Sunday, February 22, 2015
Though all the period trappings you’d expect are here in this bio-musical about our first Treasury Secretary Alexander Hamilton – thanks to David Korins’ evocative scenic design and Paul Tazewell’s period perfect duds – you’re not likely to mistake Lin-Manuel Miranda’s “In the Heights” follow-up for “1776.” The cast playing our Founding Fathers is mostly non-white, and the musical vocabulary he employs is strictly that of today. This is history viewed through a pointedly and, for the most part cleverly, contemporary prism.
And yet, the amount of historical detail packed into this fast-paced, propulsive production is quite extraordinary. Inspired by Ron Chernow’s epic Hamilton biography – Chernow also served as consultant – this is a sweeping narrative, albeit told in terms artfully simplistic and sometimes repetitive.
The musical’s book charts the ambitious Hamilton’s evolution from soldier to statesman as right hand man of George Washington, to economic wiz, founder of the Federalist Party, etc. as well as his complicated love life (platonic relationship with his wife’s sister and later, an adulterous affair that would embroil him in scandal), and of course, the duel with Aaron Burr, then the Vice President, that would end his life.
Quadruple threat Miranda (book, music, lyrics and star) saw the rise and fall of Hamilton -- born out of wedlock in the West Indies, poor, orphaned – and the shaping of our scrappy young nation as a hip-hop story at its core, so rap music predominates though the nearly three-hour through-composed work also incorporates pop, jazz, salsa, R&B, and traditional Broadway sounds.
Directed by Miranda’s “In the Heights” collaborator Thomas Kail, and choreographed almost non-stop by Andy Blankenbuehler, this is an undeniably vibrant and original piece of theater.
It has something of the vibe of The Public’s rock-scored “Bloody Bloody Andrew Jackson” – in its telling of historical events in an up-to-date lingo – but this one follows a more traditional dramatic arc. Alex Lacamoire’s orchestrations, like Miranda’s score, contain little 18th century pastiche but generally the technique works.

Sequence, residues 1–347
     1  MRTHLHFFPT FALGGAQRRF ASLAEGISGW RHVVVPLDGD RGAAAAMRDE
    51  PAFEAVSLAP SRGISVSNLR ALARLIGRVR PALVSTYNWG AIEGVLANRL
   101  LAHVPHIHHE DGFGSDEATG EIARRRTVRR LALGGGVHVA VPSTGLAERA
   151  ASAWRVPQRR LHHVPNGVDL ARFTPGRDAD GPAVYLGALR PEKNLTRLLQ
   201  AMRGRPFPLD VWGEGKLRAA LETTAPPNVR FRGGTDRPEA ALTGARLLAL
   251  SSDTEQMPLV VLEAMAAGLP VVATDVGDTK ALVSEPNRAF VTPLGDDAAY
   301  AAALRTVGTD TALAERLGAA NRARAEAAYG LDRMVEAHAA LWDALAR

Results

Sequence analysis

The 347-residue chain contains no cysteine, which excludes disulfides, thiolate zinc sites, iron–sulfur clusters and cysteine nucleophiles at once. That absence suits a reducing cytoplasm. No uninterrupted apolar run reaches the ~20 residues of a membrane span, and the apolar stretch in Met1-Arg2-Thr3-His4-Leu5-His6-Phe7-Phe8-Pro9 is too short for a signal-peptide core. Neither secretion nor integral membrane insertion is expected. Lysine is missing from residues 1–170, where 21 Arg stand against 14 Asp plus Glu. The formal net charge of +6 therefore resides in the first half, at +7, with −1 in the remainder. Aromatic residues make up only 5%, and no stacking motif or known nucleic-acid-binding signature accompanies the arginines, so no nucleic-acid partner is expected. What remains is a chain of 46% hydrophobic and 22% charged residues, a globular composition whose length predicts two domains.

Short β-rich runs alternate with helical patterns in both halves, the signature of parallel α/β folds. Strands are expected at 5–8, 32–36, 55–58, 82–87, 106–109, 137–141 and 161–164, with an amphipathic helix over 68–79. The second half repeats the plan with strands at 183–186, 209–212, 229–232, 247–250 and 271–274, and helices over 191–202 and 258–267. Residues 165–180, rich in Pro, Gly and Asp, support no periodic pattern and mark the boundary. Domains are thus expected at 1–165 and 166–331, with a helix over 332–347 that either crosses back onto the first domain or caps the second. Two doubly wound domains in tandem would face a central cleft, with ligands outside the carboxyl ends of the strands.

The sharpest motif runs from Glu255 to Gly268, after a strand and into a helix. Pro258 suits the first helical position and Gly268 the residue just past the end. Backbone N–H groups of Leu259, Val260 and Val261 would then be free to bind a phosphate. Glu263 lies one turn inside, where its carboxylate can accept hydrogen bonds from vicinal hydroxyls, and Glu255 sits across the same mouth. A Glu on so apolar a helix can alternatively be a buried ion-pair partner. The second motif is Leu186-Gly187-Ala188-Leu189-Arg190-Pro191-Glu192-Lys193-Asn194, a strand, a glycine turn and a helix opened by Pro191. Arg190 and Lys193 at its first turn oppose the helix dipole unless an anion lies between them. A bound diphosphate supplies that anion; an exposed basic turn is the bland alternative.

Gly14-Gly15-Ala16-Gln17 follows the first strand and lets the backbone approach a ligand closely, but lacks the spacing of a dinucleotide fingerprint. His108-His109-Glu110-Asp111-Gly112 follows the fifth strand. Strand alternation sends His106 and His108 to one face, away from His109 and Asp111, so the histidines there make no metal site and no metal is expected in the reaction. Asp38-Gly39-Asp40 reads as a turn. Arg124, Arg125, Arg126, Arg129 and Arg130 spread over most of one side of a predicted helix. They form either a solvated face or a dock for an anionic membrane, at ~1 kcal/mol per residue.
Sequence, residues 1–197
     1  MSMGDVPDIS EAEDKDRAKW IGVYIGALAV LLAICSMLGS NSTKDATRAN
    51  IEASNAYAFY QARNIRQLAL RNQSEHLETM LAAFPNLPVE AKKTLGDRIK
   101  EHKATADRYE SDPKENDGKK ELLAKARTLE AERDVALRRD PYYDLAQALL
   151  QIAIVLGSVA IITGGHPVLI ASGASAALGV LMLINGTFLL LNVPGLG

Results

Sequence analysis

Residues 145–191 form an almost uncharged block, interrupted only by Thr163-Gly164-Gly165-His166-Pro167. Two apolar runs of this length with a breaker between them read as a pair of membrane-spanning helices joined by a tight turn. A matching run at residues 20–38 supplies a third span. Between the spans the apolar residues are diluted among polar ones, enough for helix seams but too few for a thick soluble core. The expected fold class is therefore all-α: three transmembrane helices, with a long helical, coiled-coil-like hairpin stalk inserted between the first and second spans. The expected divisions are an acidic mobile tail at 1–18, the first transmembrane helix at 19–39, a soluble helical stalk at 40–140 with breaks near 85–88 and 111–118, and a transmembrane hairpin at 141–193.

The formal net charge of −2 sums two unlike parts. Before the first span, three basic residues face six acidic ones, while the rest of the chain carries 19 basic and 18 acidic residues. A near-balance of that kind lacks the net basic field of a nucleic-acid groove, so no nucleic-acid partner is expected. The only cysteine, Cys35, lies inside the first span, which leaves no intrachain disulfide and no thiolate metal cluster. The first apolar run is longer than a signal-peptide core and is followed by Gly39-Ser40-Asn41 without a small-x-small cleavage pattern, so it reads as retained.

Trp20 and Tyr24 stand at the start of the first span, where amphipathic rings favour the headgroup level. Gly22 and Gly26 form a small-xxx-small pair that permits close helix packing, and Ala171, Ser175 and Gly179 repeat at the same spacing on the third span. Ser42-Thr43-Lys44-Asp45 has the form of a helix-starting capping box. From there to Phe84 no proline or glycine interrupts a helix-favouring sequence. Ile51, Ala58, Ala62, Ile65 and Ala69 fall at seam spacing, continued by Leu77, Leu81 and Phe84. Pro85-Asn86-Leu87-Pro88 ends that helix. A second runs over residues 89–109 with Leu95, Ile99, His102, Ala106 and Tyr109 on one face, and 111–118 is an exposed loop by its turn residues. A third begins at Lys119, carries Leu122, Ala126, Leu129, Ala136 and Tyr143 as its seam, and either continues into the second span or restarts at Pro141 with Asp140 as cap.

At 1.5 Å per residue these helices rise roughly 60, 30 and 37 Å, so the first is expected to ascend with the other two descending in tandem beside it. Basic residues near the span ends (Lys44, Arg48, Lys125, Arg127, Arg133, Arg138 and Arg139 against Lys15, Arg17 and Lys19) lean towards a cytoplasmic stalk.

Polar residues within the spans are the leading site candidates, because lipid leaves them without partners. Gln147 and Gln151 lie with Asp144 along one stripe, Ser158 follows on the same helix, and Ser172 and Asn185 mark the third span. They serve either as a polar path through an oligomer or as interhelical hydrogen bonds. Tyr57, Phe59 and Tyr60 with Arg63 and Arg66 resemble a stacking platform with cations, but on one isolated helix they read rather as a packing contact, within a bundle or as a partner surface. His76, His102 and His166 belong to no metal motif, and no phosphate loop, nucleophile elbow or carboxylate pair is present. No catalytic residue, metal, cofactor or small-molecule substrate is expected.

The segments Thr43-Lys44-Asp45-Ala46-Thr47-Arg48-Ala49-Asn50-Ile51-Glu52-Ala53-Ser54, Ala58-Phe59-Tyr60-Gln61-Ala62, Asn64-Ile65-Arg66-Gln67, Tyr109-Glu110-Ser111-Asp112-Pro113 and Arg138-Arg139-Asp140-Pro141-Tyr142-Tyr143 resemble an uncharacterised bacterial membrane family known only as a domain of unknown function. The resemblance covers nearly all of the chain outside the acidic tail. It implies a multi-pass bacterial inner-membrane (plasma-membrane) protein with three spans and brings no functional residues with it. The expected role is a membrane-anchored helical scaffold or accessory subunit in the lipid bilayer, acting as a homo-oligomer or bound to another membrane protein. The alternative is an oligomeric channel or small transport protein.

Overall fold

The cast is extraordinarily talented including Christopher Jackson as George Washington; Phillipa Soo as Hamilton’s devoted wife Eliza; Renée Elise Goldsberry as her sister Angelica; Leslie Odum, Jr. as Hamilton’s friend and rival Burr (interestingly, like Hamilton, an orphan); Daveed Diggs as Lafayette and later Jefferson; Anthony Ramos as Hamilton’s abolitionist friend John Laurens and later Hamilton’s tragic son Philip; Okieriete Onaodowan as James Madison; and most amusingly, Bryan D’Arcy James as a disgruntled King George.
For all the extraordinary stagecraft and skill, I’d have preferred an overall less jokey approach (the lyrics are alternately sophomoric and exceedingly clever), and yet certainly as events play out in the second act with Hamilton building to a fall with sexual scandal and personal tragedy, the work takes on the requisite gravitas and becomes extraordinarily moving.
At nearly three hours, the work could use some trimming. Although rife with incident, the show still feels long, even with the help of Blankenbuehler’s ceaselessly inventive movement.
Though a Broadway transfer seems inevitable, and the show has been almost unanimously acclaimed as a game-changer, it’s difficult to predict how the average Broadway theatergoer will embrace the show for all its groundbreaking innovation.
(The Public Theater, 425 Lafayette Street; 212-967-7555 or www.publictheater.org)
Lin-Manuel Miranda and the company of Hamilton, with book, music, and lyrics by Lin-Manuel Miranda, inspired by the book “Alexander Hamilton” by Ron Chernow, with choreography by Andy Blankenbuehler, and directed by Thomas Kail, running at The Public Theater. Photo credit: Joan Marcus.
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